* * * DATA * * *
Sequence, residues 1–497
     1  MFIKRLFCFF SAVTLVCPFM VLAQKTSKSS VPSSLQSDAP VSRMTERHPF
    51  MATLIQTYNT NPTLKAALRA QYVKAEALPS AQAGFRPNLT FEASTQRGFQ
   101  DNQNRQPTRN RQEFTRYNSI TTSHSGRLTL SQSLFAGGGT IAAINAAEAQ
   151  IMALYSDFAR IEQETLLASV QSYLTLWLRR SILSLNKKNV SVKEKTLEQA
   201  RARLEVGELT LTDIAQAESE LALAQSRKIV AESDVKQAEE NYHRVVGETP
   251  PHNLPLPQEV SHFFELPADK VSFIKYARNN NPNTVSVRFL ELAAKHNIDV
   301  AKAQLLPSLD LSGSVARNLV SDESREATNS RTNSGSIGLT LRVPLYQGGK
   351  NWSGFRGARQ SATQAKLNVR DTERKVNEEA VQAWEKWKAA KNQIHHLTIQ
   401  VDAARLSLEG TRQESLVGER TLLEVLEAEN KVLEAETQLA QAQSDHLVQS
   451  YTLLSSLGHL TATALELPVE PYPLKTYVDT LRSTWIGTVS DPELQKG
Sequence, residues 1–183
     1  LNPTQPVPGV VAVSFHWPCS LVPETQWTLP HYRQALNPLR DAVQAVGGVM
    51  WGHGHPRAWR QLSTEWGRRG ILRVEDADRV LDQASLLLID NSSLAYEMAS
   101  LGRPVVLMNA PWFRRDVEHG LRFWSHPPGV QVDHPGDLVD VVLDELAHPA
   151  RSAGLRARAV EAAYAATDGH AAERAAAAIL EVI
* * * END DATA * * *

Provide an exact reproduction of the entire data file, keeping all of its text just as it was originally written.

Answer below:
Sequence, residues 1–497
     1  MFIKRLFCFF SAVTLVCPFM VLAQKTSKSS VPSSLQSDAP VSRMTERHPF
    51  MATLIQTYNT NPTLKAALRA QYVKAEALPS AQAGFRPNLT FEASTQRGFQ
   101  DNQNRQPTRN RQEFTRYNSI TTSHSGRLTL SQSLFAGGGT IAAINAAEAQ
   151  IMALYSDFAR IEQETLLASV QSYLTLWLRR SILSLNKKNV SVKEKTLEQA
   201  RARLEVGELT LTDIAQAESE LALAQSRKIV AESDVKQAEE NYHRVVGETP
   251  PHNLPLPQEV SHFFELPADK VSFIKYARNN NPNTVSVRFL ELAAKHNIDV
   301  AKAQLLPSLD LSGSVARNLV SDESREATNS RTNSGSIGLT LRVPLYQGGK
   351  NWSGFRGARQ SATQAKLNVR DTERKVNEEA VQAWEKWKAA KNQIHHLTIQ
   401  VDAARLSLEG TRQESLVGER TLLEVLEAEN KVLEAETQLA QAQSDHLVQS
   451  YTLLSSLGHL TATALELPVE PYPLKTYVDT LRSTWIGTVS DPELQKG
Sequence, residues 1–183
     1  LNPTQPVPGV VAVSFHWPCS LVPETQWTLP HYRQALNPLR DAVQAVGGVM
    51  WGHGHPRAWR QLSTEWGRRG ILRVEDADRV LDQASLLLID NSSLAYEMAS
   101  LGRPVVLMNA PWFRRDVEHG LRFWSHPPGV QVDHPGDLVD VVLDELAHPA
   151  RSAGLRARAV EAAYAATDGH AAERAAAAIL EVI